According to Katharine Bryant from the human rights group Walk Free, the effort to ban goods produced by forced labour is “encouraging”. However, in her view, due diligence rules should also make sure that those who have been exploited can access remedies.
Similarly, other NGOs called for remediation for victims of forced labour.
“The proposal lacks explicit requirement of companies to remedy workers – that is, for example, to provide them with pay, passports and protection,” said Hélène de Rengerve, EU advisor at Anti-Slavery International. [Source]
❌ We are concerned about the lack of clear procedures around instances of state-imposed forced labour, such as in #Turkmenistan and the #Uyghur Region @adalatseeker @UyghurProject @UyghurCongresshttps://t.co/dD0FdFZ9O7
— Anti-Slavery International (@Anti_Slavery) September 14, 2022
The @EU_Commission just announced a ban on products made by forced labour.
👎no remedy for victims
👎burden to investigate and provide evidence will be on EU authorities, not companies
👎weak supply chain mapping and disclosure obligationhttps://t.co/YGk1JcI0kz
— European Coalition for Corporate Justice (@ECCJorg) September 14, 2022
Johnson Yeung, a coordinator for the Clean Clothes Campaign, noted that the crackdown on labor watchdogs, NGOs, independent unions, and auditors in China has made it almost impossible for victims to seek remedy on their own, and that the EU therefore cannot rely on Chinese labor organizations to hold European companies accountable for labor violations:
Since 2015, Labour watchdogs and NGOs in China are enduring heavy crackdown, any attempts from workers to set up independent unions resulted in arbitrary detention and torture. https://t.co/2tkO0Rtztg
— Johnson Yeung 楊政賢😷 (@hkjohnsonyeung) September 11, 2022
I am 100% in support to enforceable agreement between independent unions and companies like the Bangladesh Accord, as suggested in Papier's article, but we are missing independent unions and NGOs in an authoritarian China, making such scrutiny unenforceable.
— Johnson Yeung 楊政賢😷 (@hkjohnsonyeung) September 11, 2022
Enforcement of the EU’s proposed regulation will be difficult, given that even the supposedly stricter American regulations specifically targeting goods from Xinjiang have failed to prevent certain products of Uyghur forced labor from entering the U.S. market. At The Wire China late last month, Eliot Chen highlighted the case of Xinjiang-grown dates for sale in several American cities, despite the tighter restrictions. That same week, the Uyghur Human Rights Project (UHRP) released a report on the subject, “Fruits of Uyghur Forced Labor: Sanctioned Products on American Grocery Store Shelves.” Here are some its key findings:
UHRP finds that 20 percent of red dates in the global supply chain are likely tainted by Uyghur forced labor.
The Xinjiang Construction and Production Corps (XPCC) or “Bingtuan” holds a majority stake in at least 13 red date producing companies, which account for more than 25 percent of red date production in China. The XPCC, a major paramilitary and corporate organization, is responsible for carrying out mass internment, surveillance, and forced labor in East Turkistan.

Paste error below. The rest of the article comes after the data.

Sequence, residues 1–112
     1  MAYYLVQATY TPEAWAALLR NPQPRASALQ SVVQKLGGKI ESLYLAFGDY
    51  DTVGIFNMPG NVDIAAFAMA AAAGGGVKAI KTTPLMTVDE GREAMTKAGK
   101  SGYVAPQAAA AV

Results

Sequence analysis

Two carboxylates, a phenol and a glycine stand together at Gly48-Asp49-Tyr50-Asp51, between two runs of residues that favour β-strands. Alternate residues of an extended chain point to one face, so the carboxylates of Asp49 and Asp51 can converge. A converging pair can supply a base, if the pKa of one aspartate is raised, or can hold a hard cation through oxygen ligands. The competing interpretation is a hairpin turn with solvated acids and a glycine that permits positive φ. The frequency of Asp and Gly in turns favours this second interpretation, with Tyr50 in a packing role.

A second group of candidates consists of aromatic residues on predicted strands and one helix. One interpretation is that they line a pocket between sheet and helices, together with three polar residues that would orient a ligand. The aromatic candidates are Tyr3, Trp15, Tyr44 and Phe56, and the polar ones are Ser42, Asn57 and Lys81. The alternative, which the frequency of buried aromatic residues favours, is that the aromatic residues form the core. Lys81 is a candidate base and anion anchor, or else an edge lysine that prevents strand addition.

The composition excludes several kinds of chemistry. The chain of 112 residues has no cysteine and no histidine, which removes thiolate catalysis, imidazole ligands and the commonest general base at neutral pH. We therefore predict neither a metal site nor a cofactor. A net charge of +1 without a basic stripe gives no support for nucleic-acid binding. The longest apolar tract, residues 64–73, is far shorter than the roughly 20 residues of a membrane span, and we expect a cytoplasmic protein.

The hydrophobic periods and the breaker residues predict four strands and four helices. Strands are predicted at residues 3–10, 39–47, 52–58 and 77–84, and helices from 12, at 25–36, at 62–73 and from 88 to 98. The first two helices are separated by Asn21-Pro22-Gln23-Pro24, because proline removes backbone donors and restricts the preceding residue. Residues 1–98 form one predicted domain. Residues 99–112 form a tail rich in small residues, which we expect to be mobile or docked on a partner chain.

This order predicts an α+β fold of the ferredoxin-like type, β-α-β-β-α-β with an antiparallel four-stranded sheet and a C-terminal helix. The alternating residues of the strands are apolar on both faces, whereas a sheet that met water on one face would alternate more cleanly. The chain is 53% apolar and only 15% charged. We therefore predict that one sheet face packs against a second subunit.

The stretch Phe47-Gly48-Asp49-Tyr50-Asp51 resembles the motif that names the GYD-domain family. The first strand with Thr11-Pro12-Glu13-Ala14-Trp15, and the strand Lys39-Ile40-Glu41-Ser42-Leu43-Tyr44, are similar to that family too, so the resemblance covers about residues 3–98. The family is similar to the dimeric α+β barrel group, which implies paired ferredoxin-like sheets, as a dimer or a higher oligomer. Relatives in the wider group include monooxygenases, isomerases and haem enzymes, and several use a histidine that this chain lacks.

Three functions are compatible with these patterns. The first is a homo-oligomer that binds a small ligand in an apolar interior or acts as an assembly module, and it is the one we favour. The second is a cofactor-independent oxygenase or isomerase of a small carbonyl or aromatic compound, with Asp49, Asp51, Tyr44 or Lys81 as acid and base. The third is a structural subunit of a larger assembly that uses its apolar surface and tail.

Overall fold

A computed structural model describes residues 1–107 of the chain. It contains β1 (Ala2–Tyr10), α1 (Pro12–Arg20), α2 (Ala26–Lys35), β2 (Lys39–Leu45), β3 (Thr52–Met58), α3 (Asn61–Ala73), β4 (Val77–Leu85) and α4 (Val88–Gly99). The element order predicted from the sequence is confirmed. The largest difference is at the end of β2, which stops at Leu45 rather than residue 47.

Between February and August 2022, local and online grocery stores in the Washington, DC metropolitan area stocked over 70 brands of red dates grown or processed in East Turkistan, including at least three with “Bingtuan” on their labels. Other products sourced from the Uyghur homeland, including raisins and walnuts, are also sold in U.S. grocery stores. [Source]
Earlobe Red Dates are selling in European market. It's produced in Uyghur Homeland by Uyghur forced labour, it is really sad to see in front of your eyes people are buying these products linked to Uyghur forced labour and helping Chinese government to build more forced lab camps pic.twitter.com/0rWWIWzi64
— Abduweli Ayup (@AbduwelA) September 4, 2022
Forced labor in Xinjiang has been meticulously documented by various UN bodies. In February, the International Labor Organization’s annual report expressed “deep concerns” about the Chinese government’s labor policies in Xinjiang, including “coercive measures” indicative of forced labor. In mid-August, the UN Special Rapporteur on Contemporary Forms of Slavery issued a report stating that it is “reasonable to conclude” that there is forced labor in Xinjiang, which in certain instances “may amount to enslavement as a crime against humanity.” In late August, UN High Commissioner for Human Rights Michelle Bachelet published her report on Xinjiang, which concluded that the Chinese government may be committing “crimes against humanity” in Xinjiang due to, among other “serious human rights abuses,” labor schemes that “involve elements of coercion.”
Speaking to the European Parliament on Monday, Dilnur Reyhan, President of the European Uyghur Institute, stressed that “hundreds of international brands are implicated in this slave work. […] Among the Western brands, we know brands like Apple, Volkswagen, Nike, Zara, Uniqlo – they are very much implicated in Uyghur forced labor.” Government action is an important step in holding these businesses accountable, argues Jewher Ilham, a member of the Coalition to End Uyghur Forced Labour. Jewher’s father, the renown Uyghur economist Ilham Tohti, was sentenced in 2014 to life in prison, and in 2019 he was awarded the European Parliament’s Sakharov Prize for Freedom of Thought. In an article in Teen Vogue on Monday, introduced by Karissa Mitchell, Jewher Ilham called on young consumers to dismantle the politics of fashion of forced labor at the systemic level:
As consumers, it’s important to be educated, and I am encouraged by the growing number of people taking a serious interest in the origins and ethics of everything they purchase. But the onus shouldn’t be on the consumer to perform hours of research attempting to unearth and vet the obscure suppliers of every brand they wear. Rather, consumers can make clear their expectation that brands and retailers uphold their responsibility to ensure their business model does not rely on forced labor. [Source]